Much food for thought here

This in­tro­duc­tion to men­tal ill­ness in Malaysia is flu­idly writ­ten and ac­ces­si­ble to a wide range of read­ers.

The Star Malaysia - Star2 - - READS - Re­view by SUBASHINI NAVARAT­NAM star2@ thes­tar. com. my

FOR Malaysians who don’t have to deal with men­tal ill­ness, facts about treat­ments are im­ple­mented through a labyrinthine web of le­gal and med­i­cal ad­min­is­tra­tion and how the at­ten­dant so­cio­cul­tural forces play out in the lo­cal con­text might not be fore­most on their minds.

Hanna Alkaf ’ s Gila: A Jour­ney Through Moods & Mad­ness is a slim vol­ume of per­sonal sto­ries, expert tes­ti­monies and check­list re­sources that brings up these un­pleas­ant facts that most would likely ig­nore.

For ex­am­ple, we learn that Sec­tion 309 of the Pe­nal Code crim­i­nalises a per­son for at­tempt­ing sui­cide, which means, as Hanna states baldly, “if you don’t suc­ceed in killing your­self, you could be ar­rested in­stead”.

Con­sid­er­ing how se­ri­ously the state takes sui­cide, how­ever, one might won­der why a na­tional sui­cide reg­istry lost its fund­ing and ceased op­er­a­tions. Its last recorded data that Hanna cites in this 2016 book is from 2007.

Hanna be­gins the book with a dis­claimer: it’s not a com­pre­hen­sive aca­demic text, but more of a com­pi­la­tion of per­sonal sto­ries from peo­ple who are liv­ing with men­tal ill­ness, in­cor­po­rated with re­search drawn from Hanna’s in­ter­views with spe­cial­ists and med­i­cal professionals within the field.

The book is sys­tem­at­i­cally or­gan­ised with chap­ter head­ings that give the reader an idea of the topic at hand, with each chap­ter pro­vid­ing a vivid de­pic­tion of peo­ple who have experienced all man­ner of symp­toms in re­la­tion to bipo­lar dis­or­der, de­pres­sion, anx­i­ety, and schizophre­nia, among oth­ers, in ad­di­tion to Hanna’s re­search into treat­ments and re­sources about a par­tic­u­lar di­ag­no­sis.

Among the peo­ple the reader meets in this book are Visha, liv­ing with schizophre­nia; Azlan, liv­ing with bipo­lar dis­or­der; Veera, liv­ing with an anx­i­ety dis­or­der; and Tiara, deal­ing with panic dis­or­der and de­pres­sion from the time of pri­mary school, where as a Bangladeshi stu­dent the racism and os­traci­sa­tion she re­ceives at the hands of Malaysian stu­dents and the so- called au­thor­ity fig­ures, the teach­ers, trig­gers episodes from the young age of 11.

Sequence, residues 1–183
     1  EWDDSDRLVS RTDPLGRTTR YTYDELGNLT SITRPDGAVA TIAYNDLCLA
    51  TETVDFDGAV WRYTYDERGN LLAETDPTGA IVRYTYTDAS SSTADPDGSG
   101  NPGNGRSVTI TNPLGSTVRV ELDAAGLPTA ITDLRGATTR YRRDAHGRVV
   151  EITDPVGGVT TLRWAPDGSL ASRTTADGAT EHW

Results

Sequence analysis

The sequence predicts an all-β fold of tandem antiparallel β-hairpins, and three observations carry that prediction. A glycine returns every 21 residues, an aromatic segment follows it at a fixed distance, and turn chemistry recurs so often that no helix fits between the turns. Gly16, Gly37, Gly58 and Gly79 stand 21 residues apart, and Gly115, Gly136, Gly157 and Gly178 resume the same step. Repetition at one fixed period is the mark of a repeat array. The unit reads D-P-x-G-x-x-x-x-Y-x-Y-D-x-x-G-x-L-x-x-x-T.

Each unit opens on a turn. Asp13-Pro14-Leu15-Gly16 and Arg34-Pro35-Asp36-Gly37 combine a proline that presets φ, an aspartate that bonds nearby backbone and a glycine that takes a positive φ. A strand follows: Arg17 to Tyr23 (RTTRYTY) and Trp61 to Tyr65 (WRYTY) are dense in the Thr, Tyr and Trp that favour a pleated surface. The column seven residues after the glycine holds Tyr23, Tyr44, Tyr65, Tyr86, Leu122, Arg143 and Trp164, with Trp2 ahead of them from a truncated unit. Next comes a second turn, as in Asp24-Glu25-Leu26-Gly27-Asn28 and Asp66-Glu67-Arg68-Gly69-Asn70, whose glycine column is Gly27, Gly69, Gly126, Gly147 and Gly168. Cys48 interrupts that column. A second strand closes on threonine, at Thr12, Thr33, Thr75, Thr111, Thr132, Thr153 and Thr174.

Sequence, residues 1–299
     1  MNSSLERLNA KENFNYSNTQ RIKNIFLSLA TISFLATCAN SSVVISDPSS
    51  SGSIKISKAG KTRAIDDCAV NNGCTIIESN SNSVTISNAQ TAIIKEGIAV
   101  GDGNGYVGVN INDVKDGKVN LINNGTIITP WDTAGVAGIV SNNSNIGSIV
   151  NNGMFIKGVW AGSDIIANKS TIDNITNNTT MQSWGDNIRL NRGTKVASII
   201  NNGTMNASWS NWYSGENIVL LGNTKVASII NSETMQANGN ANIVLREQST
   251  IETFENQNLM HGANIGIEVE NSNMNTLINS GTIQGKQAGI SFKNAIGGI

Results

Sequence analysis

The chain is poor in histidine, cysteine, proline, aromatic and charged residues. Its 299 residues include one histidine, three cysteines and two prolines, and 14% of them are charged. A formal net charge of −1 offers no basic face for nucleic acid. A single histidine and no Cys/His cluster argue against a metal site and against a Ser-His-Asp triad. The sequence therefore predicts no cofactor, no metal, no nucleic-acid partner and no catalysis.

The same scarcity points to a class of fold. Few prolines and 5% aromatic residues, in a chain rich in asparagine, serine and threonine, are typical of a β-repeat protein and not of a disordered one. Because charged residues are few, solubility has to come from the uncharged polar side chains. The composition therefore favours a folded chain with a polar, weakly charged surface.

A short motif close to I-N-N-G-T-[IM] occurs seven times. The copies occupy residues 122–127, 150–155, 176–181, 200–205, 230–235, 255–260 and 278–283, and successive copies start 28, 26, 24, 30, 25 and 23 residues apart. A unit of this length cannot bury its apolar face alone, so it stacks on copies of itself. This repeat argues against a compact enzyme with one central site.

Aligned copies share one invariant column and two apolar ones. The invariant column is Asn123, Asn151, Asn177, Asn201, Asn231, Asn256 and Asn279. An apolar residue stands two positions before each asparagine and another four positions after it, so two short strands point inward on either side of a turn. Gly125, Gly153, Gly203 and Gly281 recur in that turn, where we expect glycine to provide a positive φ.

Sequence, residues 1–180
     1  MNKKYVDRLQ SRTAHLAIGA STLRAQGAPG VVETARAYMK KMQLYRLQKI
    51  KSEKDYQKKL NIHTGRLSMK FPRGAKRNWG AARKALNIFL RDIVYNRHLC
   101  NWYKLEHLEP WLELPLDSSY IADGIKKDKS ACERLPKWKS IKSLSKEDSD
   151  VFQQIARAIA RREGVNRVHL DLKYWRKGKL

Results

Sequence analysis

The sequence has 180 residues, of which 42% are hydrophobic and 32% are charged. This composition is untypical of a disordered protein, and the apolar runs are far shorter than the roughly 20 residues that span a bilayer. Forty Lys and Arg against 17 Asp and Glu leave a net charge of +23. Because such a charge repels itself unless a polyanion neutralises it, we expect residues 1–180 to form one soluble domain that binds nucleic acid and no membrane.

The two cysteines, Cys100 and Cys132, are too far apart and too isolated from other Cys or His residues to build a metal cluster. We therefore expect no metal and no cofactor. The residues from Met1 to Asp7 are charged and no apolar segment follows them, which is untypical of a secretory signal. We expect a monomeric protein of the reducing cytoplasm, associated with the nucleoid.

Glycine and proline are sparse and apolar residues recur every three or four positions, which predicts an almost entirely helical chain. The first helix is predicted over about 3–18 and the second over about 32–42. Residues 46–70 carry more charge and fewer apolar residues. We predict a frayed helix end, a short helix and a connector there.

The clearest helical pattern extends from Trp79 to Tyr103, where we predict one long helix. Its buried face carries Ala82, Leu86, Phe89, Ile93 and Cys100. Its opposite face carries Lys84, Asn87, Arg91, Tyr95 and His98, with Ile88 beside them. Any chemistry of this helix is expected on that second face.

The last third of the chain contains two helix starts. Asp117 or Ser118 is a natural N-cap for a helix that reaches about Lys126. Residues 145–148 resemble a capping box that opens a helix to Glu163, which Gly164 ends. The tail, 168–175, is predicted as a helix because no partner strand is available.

Then there is Zed, who at­tempts sui­cide twice, and Kim, who has schizo- af­fec­tive dis­or­der, a com­bi­na­tion of symp­toms of schizophre­nia and an af­fec­tive ( mood) dis­or­der that ren­der her un­able to get out of bed for days at a time.

The peo­ple Hanna in­ter­views also talk about their treat­ments – Azlan, for in­stance, was placed in a psy­chi­atric ward. Kim had to en­dure elec­tro­con­vul­sive ther­apy ( ECT), a process, Hanna writes, that Kim “ab­so­lutely de­plored” be­cause she wasn’t taught how to cope with the ram­i­fi­ca­tions of the treat­ment.

As Kim says, “I’d get up and my head would feel a lit­tle sore, a lit­tle painful, and I’d re­alise that I’d for­got­ten lit­tle things here and there, lost lit­tle pieces of my­self.”

Los­ing pieces of one­self is the key is­sue with ECT, although it seems to be a treat­ment rec­om­mended often enough that another per­son in­ter­viewed in this book, Hafiz, was at one point on the re­ceiv­ing end of 12 to 16 ECT ses­sions a year ( this was after he had en­dured in­sti­tu­tion­al­i­sa­tion, where, un­able to sleep and hav­ing manic episodes, he was beaten with sticks by the staff on a nightly ba­sis un­til he passed out).

The per­sonal sto­ries are har­row­ing, but Hanna’s book re­ally be­comes il­lu­mi­nat­ing when it de­tails the chal­lenges psy­chi­a­trists and psy­chol­o­gists face in a cul­ture that is steeped in reli­gious fun­da­men­tal­ism, bour­geois ma­te­ri­al­is­tic val­ues and “spir­i­tual” so­lu­tions that are far re­moved from the orig­i­nal con­text of an­i­mist or pa­gan forms of be­lief.